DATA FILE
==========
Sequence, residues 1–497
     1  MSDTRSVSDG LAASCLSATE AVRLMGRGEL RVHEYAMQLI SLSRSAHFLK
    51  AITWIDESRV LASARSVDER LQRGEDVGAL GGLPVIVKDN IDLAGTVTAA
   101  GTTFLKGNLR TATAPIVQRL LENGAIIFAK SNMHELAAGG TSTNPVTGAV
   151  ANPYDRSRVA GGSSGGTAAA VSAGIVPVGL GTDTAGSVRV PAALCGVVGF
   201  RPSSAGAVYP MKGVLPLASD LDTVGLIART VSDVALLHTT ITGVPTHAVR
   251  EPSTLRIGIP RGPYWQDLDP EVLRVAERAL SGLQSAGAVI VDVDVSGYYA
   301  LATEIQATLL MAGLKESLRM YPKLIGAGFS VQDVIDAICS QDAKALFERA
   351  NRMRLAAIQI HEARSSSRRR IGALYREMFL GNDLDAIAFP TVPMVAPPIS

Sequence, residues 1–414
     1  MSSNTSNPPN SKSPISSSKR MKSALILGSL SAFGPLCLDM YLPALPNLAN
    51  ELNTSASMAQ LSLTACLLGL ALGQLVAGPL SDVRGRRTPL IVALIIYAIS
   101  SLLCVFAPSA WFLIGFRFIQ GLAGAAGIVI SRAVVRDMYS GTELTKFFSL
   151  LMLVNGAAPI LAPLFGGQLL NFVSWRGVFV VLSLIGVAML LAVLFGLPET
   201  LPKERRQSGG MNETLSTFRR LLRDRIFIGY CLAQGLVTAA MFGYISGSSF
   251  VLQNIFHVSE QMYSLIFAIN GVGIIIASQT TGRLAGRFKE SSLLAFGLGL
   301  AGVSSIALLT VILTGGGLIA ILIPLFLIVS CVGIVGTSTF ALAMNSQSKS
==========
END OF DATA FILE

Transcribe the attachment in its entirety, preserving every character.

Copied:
Sequence, residues 1–497
     1  MSDTRSVSDG LAASCLSATE AVRLMGRGEL RVHEYAMQLI SLSRSAHFLK
    51  AITWIDESRV LASARSVDER LQRGEDVGAL GGLPVIVKDN IDLAGTVTAA
   101  GTTFLKGNLR TATAPIVQRL LENGAIIFAK SNMHELAAGG TSTNPVTGAV
   151  ANPYDRSRVA GGSSGGTAAA VSAGIVPVGL GTDTAGSVRV PAALCGVVGF
   201  RPSSAGAVYP MKGVLPLASD LDTVGLIART VSDVALLHTT ITGVPTHAVR
   251  EPSTLRIGIP RGPYWQDLDP EVLRVAERAL SGLQSAGAVI VDVDVSGYYA
   301  LATEIQATLL MAGLKESLRM YPKLIGAGFS VQDVIDAICS QDAKALFERA
   351  NRMRLAAIQI HEARSSSRRR IGALYREMFL GNDLDAIAFP TVPMVAPPIS

Sequence, residues 1–414
     1  MSSNTSNPPN SKSPISSSKR MKSALILGSL SAFGPLCLDM YLPALPNLAN
    51  ELNTSASMAQ LSLTACLLGL ALGQLVAGPL SDVRGRRTPL IVALIIYAIS
   101  SLLCVFAPSA WFLIGFRFIQ GLAGAAGIVI SRAVVRDMYS GTELTKFFSL
   151  LMLVNGAAPI LAPLFGGQLL NFVSWRGVFV VLSLIGVAML LAVLFGLPET
   201  LPKERRQSGG MNETLSTFRR LLRDRIFIGY CLAQGLVTAA MFGYISGSSF
   251  VLQNIFHVSE QMYSLIFAIN GVGIIIASQT TGRLAGRFKE SSLLAFGLGL
   301  AGVSSIALLT VILTGGGLIA ILIPLFLIVS CVGIVGTSTF ALAMNSQSKS